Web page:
You can only imagine my excitement when I heard I would be attending Oprah's Lifeclass in Chicago!!
A few weeks earlier, I had received an email from a fellow psychotherapist named Marianne living in British Columbia. Having sent her a review copy of my novel STRIPPED DOWN RUNNING, she sent me a message with her glowing reviewing, remarking, "I'm going to Oprah in January, I hope to be able to give her this copy of your book."
I replied jokingly, "Oprah! That's awesome. I wish I could come with you."
On a sunny December day, I shouted with surprise when I received this email from Marianne, "I have decided to ask you to join me to Oprah's Lifeclass. Your book really made an impact on me."
Jumping off my chair screaming, much to the shock of my two young boys, I typed, "Seriously? Because I will absolutely take you up on that offer! Seriously??"
"Seriously," was her simple reply.
I started howling, bouncing wildly all over the living room. My oldest son shouted, "Mommy! What's wrong?"
"Oh nothing is wrong sweetheart. I've just been invited to go to Oprah."
He looked at me intently then dropping to his knees to continue playing. "Okay," he mumbled.
Marianne said I was invited on the condition I had personal experience with the topic of "fatherless sons." As a parenting educator, I had worked with some, but wasn't sure it was a fit for me. Then I realized I was raised by one. A fatherless son for the purposes of the show is someone who was raised by either a physically or emotionally absent father.
In my quest to be as prepared as I can for this Lifeclass discussion with Oprah and Iyanla Vanzant, I have been reading books written by fatherless sons and interviewing adults with this experience.
So, my question to you is, What is your experience with fatherless sons? Are you married to one? Raised by one? Raising one yourself? What would you say has been your greatest challenge due to this dynamic? And secondly, what was the one thing you found the most helpful in working through that challenge?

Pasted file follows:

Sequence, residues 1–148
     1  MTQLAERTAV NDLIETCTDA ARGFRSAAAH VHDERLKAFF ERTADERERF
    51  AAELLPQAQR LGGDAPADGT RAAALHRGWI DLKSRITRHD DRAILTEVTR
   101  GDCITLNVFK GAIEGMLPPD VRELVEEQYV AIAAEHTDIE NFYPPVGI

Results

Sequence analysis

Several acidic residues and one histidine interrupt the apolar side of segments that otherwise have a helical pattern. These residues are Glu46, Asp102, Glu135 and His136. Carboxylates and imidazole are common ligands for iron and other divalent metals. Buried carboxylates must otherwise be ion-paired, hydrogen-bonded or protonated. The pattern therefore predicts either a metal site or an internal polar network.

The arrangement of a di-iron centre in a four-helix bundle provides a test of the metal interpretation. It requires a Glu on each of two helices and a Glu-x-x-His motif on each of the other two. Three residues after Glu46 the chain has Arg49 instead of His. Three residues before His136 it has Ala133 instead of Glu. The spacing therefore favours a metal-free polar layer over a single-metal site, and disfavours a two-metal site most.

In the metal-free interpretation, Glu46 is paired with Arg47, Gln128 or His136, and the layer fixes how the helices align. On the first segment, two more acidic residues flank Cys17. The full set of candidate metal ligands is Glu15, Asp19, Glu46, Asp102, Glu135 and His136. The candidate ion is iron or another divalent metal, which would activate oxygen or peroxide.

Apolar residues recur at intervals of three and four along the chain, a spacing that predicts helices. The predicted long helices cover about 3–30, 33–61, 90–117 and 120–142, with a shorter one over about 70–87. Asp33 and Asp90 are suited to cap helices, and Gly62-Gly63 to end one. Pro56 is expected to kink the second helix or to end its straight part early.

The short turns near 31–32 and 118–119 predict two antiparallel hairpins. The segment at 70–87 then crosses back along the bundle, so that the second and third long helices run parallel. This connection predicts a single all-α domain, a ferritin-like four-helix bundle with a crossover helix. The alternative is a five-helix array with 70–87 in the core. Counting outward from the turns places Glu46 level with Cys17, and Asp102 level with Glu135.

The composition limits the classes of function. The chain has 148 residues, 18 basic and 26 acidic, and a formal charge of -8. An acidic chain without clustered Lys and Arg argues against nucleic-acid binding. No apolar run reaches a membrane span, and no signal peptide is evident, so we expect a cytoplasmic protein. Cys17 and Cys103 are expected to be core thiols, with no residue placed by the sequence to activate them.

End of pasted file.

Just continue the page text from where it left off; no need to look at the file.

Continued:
We are going to have a conversation about this over on my facebook page so if you would like to join us, please visit www.facebook.com/andrea.m.nair or search for "Andrea Nair—parenting educator." You are also welcome to leave a comment here.
I will write all about my experience in hallowed Harpo Studios when I return. We are not allowed to offer gifts to Oprah or bring in our phones. DAMN! That means my plan to get my novel in her hands or a photo of us together are likely shot. Two episodes are being filmed while we are there ¾ we have been told to plan to be at the studio between 8am and 2pm that day so I should have time to get creative!
Now to decide what to wear!
Photo credit to dbrekke; Flickr
I have given up trying to be a perfect mother.
When my first son was born, I stared at him in awe thinking okay maternal instincts, you can kick in now. But as months went by, I was sad with the realization I would rather be away from him more than with him. As a psychotherapist, this felt like an extra stab because I was struggling and had the training to help myself—but that didn't seem to be kicking in either.
Today I am so incredibly thankful for that experience because as the years rolled by, baby number two arrived, and more challenges came with lots and lots of tantrums; my need to make everything better focused my career into parenting education. Hey, I learned so much about handling the tough-stuff, why not pass it on!
In the process of not feeling satisfied with just surviving my days — I wanted to thrive, dammit — I came up with some pretty cool techniques, met wonderful colleagues , read lots of amazing books, and found fabulous sources for evidence-based parenting information. All of this helped some of my parenting goals become a reality, and others attainable to reach.
In working toward one of those goals which was to raise children who don't let their anger turn them into assholes or bullies, I experienced just how intensely kids can stir us up. On more than one occasion, I found this posted by desperate mom, "Two-year-old for sale. Cheap." Thankfully I have learned how to pause, making the difficult shift from rage to rationality. Most of the time. Um, some of the time. I would love to share what has helped me with you.
There is no *right* way to parent. We need to stop judging each other. Each parent has different goals, different childhoods, and different skills. We are all in this parenting maze together.
Instead of wanting to be a perfect mother, I want to be a rested one because when I am rested, I can hear my own good sense and have the patience to act on it. I also want to raise kids who can do big feelings without being flattened, handle the world when it gets rough, feel able to be themselves, have the courage to speak up, and love with their whole-hearts. Oh, and attend as many live music concerts as I possibly can, discovering a new favourite red wine along the way. Would you like to join me?